At a press conference, the BE deputy in the Azorean parliament, António Lima, referred to the news, "confirmed by the regional secretary for Tourism, Mobility and Infrastructure, that Ryanair threatened to leave the Azores and that, therefore, negotiations are taking place with the government with a view to maintaining the routes operated by the airline".
"Blackmail is part of Ryanair's way of acting, either to try to prevent legitimate strikes for better working conditions, or to extort subsidies from taxpayers in the regions and cities where it operates. Ryanair's threat to stop flying to the Azores constitutes one more example of the predatory way in which this company operates", said the politician.
António Lima criticised Ryanair's way of acting, accusing the company of attempting to "extort subsidies from taxpayers in the regions and cities where it operates" and adding that the company "does not hesitate to demand subsidies", when no other airline that operates liberalised routes with the mainland have them".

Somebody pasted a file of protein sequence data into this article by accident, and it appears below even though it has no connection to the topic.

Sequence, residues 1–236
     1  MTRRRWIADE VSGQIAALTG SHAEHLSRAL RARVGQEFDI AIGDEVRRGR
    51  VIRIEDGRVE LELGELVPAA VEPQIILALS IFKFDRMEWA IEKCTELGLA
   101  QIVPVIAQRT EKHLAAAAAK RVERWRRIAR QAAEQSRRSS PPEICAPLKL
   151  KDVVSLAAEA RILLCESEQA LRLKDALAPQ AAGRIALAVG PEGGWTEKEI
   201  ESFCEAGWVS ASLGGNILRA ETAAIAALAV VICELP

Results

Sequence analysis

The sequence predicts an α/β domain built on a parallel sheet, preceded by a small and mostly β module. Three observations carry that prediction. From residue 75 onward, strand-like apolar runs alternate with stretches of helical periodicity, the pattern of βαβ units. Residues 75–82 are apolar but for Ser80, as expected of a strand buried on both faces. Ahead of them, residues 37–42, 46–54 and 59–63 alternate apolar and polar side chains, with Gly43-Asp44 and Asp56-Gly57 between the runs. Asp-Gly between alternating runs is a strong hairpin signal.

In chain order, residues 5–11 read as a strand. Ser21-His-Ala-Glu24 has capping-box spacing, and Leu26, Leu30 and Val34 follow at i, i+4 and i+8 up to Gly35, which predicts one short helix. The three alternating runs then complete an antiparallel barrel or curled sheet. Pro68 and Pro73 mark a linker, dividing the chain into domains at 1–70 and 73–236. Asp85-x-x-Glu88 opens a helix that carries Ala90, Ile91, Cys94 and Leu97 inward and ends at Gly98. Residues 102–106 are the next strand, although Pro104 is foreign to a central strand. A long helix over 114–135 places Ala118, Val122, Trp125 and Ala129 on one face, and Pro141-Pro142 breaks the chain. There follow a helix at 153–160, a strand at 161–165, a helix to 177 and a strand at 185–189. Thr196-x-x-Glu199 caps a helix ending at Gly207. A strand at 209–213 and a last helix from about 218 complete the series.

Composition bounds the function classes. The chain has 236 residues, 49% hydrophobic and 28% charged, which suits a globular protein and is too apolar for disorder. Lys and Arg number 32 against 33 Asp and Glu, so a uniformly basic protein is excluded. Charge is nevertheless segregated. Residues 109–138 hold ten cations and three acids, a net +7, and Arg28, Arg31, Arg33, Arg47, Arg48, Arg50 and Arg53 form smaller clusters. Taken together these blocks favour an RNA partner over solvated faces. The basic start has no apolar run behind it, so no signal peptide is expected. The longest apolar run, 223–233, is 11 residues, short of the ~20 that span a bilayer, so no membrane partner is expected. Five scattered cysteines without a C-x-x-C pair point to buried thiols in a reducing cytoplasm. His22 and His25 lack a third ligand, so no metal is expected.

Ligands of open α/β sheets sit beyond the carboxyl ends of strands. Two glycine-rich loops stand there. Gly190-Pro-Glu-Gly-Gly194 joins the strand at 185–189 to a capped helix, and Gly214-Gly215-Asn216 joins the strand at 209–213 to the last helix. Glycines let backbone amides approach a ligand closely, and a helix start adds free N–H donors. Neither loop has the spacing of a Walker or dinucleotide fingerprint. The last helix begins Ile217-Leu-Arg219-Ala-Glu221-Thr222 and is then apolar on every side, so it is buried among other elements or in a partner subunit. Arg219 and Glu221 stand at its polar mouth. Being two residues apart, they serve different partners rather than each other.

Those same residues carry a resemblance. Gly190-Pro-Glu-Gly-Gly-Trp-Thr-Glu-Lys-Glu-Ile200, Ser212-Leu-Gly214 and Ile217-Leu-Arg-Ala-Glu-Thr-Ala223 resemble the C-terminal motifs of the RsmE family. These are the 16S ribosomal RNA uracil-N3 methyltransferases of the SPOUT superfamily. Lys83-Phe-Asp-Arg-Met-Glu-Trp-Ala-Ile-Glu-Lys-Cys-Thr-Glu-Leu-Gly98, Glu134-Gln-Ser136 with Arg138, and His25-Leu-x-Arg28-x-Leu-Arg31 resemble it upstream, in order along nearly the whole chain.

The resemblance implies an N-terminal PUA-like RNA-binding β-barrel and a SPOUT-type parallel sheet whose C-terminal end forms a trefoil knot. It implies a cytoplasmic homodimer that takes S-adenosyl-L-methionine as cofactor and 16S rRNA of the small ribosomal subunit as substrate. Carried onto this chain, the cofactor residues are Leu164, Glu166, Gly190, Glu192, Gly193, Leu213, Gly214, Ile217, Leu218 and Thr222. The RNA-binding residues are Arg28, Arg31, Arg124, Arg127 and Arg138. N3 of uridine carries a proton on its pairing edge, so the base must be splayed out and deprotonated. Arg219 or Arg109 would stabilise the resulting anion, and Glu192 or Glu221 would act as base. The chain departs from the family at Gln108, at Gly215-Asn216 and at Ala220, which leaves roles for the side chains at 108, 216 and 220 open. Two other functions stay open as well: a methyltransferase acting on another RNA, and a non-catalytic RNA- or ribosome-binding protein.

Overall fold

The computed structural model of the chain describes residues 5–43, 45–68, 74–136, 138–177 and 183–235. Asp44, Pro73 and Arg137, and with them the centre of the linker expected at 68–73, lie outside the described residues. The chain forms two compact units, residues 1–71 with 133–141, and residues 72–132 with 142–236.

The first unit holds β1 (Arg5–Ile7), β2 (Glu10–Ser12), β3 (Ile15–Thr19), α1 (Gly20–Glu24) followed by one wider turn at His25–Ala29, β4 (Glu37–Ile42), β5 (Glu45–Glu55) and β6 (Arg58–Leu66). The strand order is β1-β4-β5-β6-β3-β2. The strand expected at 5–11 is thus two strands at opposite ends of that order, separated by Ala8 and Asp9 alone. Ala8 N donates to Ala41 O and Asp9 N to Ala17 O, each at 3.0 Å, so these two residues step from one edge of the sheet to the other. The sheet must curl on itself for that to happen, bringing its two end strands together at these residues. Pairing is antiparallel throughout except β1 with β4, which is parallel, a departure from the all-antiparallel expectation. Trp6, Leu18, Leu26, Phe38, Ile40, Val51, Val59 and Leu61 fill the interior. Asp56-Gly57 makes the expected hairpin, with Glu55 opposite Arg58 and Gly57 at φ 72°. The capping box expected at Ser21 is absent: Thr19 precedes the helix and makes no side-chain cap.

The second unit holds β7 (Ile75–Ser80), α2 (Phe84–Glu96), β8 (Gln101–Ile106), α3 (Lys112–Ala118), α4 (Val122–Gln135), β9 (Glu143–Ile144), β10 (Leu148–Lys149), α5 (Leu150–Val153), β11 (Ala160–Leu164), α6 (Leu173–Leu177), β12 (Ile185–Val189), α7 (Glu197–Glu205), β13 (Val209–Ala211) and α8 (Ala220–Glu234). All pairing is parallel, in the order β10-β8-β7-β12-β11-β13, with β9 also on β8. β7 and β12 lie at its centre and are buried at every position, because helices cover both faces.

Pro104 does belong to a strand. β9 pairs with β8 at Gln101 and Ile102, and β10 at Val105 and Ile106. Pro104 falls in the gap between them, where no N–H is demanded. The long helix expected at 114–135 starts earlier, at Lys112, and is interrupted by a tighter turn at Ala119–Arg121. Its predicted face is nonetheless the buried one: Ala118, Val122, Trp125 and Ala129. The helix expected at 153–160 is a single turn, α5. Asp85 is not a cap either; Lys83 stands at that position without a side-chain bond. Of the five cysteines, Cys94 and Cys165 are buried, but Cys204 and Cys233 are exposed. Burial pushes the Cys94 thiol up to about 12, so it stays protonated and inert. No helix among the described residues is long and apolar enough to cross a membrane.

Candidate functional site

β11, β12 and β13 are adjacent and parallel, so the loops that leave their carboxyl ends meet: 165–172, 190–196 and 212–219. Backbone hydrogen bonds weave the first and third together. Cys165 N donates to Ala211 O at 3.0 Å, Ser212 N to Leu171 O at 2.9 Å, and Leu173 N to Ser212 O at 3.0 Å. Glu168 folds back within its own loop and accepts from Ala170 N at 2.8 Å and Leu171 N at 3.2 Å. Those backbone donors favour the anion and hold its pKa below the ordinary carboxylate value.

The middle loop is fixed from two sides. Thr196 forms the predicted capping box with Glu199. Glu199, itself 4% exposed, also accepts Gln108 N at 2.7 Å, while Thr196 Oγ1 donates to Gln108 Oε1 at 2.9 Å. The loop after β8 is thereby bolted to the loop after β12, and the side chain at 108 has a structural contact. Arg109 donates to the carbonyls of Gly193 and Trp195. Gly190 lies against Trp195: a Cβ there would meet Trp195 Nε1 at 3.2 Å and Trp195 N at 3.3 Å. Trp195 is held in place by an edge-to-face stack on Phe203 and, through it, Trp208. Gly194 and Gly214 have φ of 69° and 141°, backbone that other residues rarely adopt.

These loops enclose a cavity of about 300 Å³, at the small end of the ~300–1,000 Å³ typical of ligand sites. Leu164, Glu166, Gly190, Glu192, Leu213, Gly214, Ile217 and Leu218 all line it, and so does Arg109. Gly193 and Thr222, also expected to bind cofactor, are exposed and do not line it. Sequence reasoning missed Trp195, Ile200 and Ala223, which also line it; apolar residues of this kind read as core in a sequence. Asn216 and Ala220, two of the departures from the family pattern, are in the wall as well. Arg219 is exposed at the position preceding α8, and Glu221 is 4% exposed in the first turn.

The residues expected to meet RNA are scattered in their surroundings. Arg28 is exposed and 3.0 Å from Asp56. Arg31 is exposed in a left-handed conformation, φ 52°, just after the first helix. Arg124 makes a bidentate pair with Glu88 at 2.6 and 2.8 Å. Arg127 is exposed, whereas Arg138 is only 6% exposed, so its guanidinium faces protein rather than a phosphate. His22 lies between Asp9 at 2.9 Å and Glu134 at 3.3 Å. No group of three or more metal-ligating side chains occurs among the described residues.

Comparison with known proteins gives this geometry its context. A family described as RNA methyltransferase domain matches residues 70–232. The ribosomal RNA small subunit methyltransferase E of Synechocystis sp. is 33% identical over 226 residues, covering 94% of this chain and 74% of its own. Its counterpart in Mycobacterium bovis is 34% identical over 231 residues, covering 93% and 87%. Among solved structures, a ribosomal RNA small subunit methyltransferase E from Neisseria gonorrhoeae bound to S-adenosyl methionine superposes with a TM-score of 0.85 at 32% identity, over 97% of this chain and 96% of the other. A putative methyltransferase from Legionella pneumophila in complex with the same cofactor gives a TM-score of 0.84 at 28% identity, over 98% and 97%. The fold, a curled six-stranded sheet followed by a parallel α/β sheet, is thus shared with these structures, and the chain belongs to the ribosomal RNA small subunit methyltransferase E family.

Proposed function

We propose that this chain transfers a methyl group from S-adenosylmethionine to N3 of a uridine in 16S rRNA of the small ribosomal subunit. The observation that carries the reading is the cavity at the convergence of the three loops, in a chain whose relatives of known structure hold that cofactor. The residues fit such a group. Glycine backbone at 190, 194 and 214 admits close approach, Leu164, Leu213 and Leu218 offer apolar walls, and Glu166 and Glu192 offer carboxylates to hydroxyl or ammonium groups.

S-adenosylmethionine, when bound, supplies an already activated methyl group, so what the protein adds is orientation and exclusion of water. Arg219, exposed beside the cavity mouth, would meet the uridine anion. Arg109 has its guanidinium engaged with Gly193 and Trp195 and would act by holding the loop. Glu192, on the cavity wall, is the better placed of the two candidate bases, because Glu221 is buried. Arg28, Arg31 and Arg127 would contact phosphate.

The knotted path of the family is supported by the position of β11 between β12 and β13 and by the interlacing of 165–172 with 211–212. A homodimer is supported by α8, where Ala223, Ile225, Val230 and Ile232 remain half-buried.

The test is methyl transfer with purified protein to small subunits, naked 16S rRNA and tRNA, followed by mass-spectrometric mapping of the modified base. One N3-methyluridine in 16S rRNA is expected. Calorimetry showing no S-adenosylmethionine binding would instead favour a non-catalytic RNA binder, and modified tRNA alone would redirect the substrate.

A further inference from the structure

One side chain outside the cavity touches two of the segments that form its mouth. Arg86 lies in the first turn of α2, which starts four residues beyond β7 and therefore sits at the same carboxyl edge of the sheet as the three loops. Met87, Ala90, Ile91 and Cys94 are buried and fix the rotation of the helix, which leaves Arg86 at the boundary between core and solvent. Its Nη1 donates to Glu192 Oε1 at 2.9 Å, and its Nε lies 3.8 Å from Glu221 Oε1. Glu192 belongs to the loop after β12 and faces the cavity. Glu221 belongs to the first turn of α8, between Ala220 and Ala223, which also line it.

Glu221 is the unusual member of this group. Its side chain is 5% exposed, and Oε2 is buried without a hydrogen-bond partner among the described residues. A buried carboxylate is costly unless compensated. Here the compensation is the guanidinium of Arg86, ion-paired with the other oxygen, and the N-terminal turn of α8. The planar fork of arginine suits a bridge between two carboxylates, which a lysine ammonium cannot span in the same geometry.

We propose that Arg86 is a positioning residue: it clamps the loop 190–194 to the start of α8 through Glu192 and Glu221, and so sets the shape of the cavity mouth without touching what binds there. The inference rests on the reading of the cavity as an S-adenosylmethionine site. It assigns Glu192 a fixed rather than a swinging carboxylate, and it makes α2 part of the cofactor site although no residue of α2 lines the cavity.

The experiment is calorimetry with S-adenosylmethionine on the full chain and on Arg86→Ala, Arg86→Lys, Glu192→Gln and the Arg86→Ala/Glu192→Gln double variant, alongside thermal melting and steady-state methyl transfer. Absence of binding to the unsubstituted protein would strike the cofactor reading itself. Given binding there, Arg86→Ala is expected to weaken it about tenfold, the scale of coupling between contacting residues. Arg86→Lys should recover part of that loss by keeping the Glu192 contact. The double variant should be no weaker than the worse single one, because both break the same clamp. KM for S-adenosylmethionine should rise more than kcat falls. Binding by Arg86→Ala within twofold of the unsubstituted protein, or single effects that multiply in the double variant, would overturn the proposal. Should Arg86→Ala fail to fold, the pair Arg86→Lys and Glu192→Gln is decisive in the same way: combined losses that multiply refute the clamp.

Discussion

"The Regional Government has to disclose all existing contracts between entities financed with public funds and Ryanair, namely VisitAzores, and Chambers of Commerce. We will request these documents from the Regional Government", said António Lima.
The deputy explained that the party will prepare a request, which will arrive, "in the next few days", to parliament requesting this data.
António Lima recalled that "the sky of the Azores is liberalised and anyone can fly, without limitations", so "there can be no direct or hidden subsidies".
Lusa tried unsuccessfully for a comment from Ryanair.